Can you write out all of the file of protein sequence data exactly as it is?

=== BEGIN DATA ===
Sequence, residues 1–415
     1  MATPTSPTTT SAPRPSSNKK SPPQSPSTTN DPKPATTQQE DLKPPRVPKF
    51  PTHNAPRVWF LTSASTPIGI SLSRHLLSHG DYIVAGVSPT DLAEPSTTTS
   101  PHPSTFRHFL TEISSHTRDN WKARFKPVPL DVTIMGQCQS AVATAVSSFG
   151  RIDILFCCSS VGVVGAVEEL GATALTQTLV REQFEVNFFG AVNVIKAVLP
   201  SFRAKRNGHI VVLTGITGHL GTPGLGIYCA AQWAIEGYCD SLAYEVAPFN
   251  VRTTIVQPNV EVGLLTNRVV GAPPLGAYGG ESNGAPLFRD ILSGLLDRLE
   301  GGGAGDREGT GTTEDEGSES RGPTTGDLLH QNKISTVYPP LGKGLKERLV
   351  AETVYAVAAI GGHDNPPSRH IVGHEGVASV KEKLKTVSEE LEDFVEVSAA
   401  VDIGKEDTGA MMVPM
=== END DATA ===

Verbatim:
Sequence, residues 1–415
     1  MATPTSPTTT SAPRPSSNKK SPPQSPSTTN DPKPATTQQE DLKPPRVPKF
    51  PTHNAPRVWF LTSASTPIGI SLSRHLLSHG DYIVAGVSPT DLAEPSTTTS
   101  PHPSTFRHFL TEISSHTRDN WKARFKPVPL DVTIMGQCQS AVATAVSSFG
   151  RIDILFCCSS VGVVGAVEEL GATALTQTLV REQFEVNFFG AVNVIKAVLP
   201  SFRAKRNGHI VVLTGITGHL GTPGLGIYCA AQWAIEGYCD SLAYEVAPFN
   251  VRTTIVQPNV EVGLLTNRVV GAPPLGAYGG ESNGAPLFRD ILSGLLDRLE
   301  GGGAGDREGT GTTEDEGSES RGPTTGDLLH QNKISTVYPP LGKGLKERLV
   351  AETVYAVAAI GGHDNPPSRH IVGHEGVASV KEKLKTVSEE LEDFVEVSAA
   401  VDIGKEDTGA MMVPM